National Institute on Aging (NIA)

The National Institute on Aging encourages applications that examine changes in interoceptive processes across the lifespan and how these changes manifest in normal aging and/or in Alzheimer’s disease and Alzheimer’s disease–related dementias (AD/ADRD). Applications are encouraged at all levels of analysis from molecular to social. Topics of interest include but are not limited to:

  • How changes in interoceptive processes might lead to changes in perception, motor function, physical function, cognition, affect, motivation, and social behavior in normative aging
  • How disruptions in interoceptive processes might lead to, accelerate onset of, or exacerbate symptoms of cognitive decline, MCI, and AD/ADRD
  • How age-related neurodegenerative processes might impact interoceptive systems
  • How age-related changes in sympathetic tone differentially impact multiple peripheral organs and tissues or change the trajectory of endocrine and cytokine signaling in peripheral tissues.

National Institute of Dental and Craniofacial Research (NIDCR)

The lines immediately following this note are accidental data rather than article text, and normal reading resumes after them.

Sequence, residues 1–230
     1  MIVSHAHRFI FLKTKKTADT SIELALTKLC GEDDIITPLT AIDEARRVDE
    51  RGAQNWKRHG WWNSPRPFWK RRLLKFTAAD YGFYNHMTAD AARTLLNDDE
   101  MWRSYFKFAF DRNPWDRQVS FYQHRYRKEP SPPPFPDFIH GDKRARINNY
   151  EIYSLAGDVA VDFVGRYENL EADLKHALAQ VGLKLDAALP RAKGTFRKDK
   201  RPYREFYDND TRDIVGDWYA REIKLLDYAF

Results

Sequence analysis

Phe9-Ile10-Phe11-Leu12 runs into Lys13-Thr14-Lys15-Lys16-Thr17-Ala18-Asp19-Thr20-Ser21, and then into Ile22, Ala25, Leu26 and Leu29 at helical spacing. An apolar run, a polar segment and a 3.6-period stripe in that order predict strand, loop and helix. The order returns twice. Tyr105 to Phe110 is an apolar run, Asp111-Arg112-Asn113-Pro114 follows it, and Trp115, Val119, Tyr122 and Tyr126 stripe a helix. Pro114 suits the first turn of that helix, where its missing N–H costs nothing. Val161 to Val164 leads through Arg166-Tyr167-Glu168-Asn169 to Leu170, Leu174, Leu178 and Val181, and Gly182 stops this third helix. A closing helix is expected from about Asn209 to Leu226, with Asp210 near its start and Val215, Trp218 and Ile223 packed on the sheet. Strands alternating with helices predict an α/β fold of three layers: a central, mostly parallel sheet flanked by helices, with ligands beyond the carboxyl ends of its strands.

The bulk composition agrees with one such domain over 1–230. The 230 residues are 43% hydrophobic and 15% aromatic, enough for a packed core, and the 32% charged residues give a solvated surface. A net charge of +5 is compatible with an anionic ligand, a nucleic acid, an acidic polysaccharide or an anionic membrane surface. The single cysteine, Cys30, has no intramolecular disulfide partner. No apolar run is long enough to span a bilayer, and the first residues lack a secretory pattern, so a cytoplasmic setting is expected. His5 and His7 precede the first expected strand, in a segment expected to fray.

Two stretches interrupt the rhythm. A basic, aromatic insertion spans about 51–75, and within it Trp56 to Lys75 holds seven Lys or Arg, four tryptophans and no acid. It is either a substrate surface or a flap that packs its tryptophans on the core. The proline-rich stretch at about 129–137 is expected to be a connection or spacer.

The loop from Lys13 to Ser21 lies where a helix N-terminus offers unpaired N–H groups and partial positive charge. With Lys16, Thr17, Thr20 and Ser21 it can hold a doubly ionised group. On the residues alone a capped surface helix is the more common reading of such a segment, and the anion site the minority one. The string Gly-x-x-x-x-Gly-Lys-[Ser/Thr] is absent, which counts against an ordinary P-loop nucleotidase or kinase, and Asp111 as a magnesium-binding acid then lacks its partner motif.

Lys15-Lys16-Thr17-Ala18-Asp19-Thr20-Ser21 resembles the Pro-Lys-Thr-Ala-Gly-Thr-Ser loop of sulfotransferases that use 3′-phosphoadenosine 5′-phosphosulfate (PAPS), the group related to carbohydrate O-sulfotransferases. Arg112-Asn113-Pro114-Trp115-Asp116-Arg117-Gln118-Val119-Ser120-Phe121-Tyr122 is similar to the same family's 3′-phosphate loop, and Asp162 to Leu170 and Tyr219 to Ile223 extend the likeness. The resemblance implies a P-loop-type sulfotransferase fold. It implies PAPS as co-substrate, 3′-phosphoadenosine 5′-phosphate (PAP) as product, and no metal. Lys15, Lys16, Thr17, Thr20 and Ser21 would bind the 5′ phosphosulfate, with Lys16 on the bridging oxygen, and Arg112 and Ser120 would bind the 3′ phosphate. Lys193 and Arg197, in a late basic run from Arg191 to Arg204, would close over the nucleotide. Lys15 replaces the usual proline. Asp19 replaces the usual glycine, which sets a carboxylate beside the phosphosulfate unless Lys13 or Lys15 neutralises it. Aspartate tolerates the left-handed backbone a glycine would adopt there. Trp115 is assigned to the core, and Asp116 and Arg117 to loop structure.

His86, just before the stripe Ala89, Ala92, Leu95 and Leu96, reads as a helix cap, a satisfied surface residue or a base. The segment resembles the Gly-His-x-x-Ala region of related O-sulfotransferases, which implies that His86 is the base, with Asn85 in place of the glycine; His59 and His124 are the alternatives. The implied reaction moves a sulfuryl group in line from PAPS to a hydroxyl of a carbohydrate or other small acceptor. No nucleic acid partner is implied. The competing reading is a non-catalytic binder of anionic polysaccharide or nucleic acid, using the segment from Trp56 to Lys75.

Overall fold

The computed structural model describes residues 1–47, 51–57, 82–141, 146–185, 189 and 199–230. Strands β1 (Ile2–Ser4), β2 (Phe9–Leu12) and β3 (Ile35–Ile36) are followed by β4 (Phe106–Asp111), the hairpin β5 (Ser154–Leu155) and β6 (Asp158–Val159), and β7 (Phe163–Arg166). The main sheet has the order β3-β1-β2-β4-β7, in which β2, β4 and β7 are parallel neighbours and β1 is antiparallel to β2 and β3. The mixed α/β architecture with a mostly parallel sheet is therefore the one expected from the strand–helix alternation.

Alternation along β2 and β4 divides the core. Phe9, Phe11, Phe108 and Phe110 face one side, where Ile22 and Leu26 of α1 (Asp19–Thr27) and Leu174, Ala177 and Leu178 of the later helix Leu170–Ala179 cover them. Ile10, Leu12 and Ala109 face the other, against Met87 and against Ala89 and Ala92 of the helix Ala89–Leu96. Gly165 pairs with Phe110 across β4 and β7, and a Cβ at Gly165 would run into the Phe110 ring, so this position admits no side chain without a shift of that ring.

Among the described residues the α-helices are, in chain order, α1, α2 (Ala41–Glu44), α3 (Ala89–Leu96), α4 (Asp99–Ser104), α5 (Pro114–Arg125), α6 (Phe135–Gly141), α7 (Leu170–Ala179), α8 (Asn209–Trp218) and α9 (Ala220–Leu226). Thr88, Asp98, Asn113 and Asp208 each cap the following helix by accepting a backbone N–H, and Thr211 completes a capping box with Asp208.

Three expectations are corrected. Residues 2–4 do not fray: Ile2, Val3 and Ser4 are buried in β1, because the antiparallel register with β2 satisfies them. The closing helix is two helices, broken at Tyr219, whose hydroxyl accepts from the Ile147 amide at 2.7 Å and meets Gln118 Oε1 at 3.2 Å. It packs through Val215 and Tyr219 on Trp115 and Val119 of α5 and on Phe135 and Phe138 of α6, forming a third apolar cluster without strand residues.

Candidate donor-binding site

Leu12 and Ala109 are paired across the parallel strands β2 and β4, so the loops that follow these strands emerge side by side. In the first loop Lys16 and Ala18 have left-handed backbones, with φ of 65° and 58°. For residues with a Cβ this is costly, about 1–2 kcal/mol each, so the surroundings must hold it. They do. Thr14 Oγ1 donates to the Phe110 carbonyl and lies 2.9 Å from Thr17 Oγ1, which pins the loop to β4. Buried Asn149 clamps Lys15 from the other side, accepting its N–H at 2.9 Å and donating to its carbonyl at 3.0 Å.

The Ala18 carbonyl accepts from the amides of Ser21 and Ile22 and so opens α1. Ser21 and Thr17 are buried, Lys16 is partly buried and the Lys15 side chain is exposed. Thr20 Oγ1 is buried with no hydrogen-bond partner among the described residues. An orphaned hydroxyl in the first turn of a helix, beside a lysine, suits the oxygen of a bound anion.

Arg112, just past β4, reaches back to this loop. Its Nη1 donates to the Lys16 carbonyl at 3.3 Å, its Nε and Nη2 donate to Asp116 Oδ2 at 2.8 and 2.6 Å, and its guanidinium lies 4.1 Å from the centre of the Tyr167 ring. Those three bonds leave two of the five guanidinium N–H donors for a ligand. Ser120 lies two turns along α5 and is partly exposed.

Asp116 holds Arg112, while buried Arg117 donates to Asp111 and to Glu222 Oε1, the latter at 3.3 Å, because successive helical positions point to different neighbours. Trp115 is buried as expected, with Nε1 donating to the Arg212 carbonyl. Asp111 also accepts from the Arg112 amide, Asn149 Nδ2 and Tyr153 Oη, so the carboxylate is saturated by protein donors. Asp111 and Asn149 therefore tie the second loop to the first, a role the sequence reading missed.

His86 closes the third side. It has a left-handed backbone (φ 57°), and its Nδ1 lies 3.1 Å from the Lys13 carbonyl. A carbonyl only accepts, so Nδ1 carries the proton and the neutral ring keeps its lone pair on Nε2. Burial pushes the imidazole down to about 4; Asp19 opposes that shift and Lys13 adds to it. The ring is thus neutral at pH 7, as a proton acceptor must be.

The National Institute of Dental and Craniofacial Research (NIDCR) is interested in research that significantly enhances our understanding of interoceptive processes in Dental, Oral, and Craniofacial (DOC) tissues and their role in craniofacial health and disease. Areas of interest include but are not limited to: 1) delineation of interoceptive mechanisms at the molecular, cellular, circuitry, functional and/or behavior levels that promote resilience, maintain homeostasis, or are dysregulated in DOC diseases and disorders, 2) studies focused on brain/DOC tissue interoceptive processes as well as studies focused on the interaction/integration of interoceptive processes across brain/DOC tissues and other organs/systems/tissues (e.g. nervous, lymphatic, immune, endocrine, digestive, cardiovascular systems, etc) and 3) studies focusing on orofacial pain conditions including temporomandibular joint disorders, trigeminal neuropathies, burning mouth syndrome, oral cancer pain, dental pain, and other conditions. Clinical trials designed to answer specific questions about the safety, tolerability, efficacy, effectiveness, clinical management, and/or implementation of pharmacologic, behavioral, biologic, surgical, or device interventions will only be supported by NIDCR if submitted to an NIDCR clinical trials-specific FOA https://www.nidcr.nih.gov/research/clinical-trials. However, Basic Experimental Studies with Humans (BESH) are allowed. Awardees will be required to comply with the NIDCR Clinical Terms of Award for activities that involve human subjects. Investigators are encouraged to contact NIDCR program staff to discuss potential research projects prior to application submission to determine alignment of the planned studies with priorities of the Institute mission and strategic plan.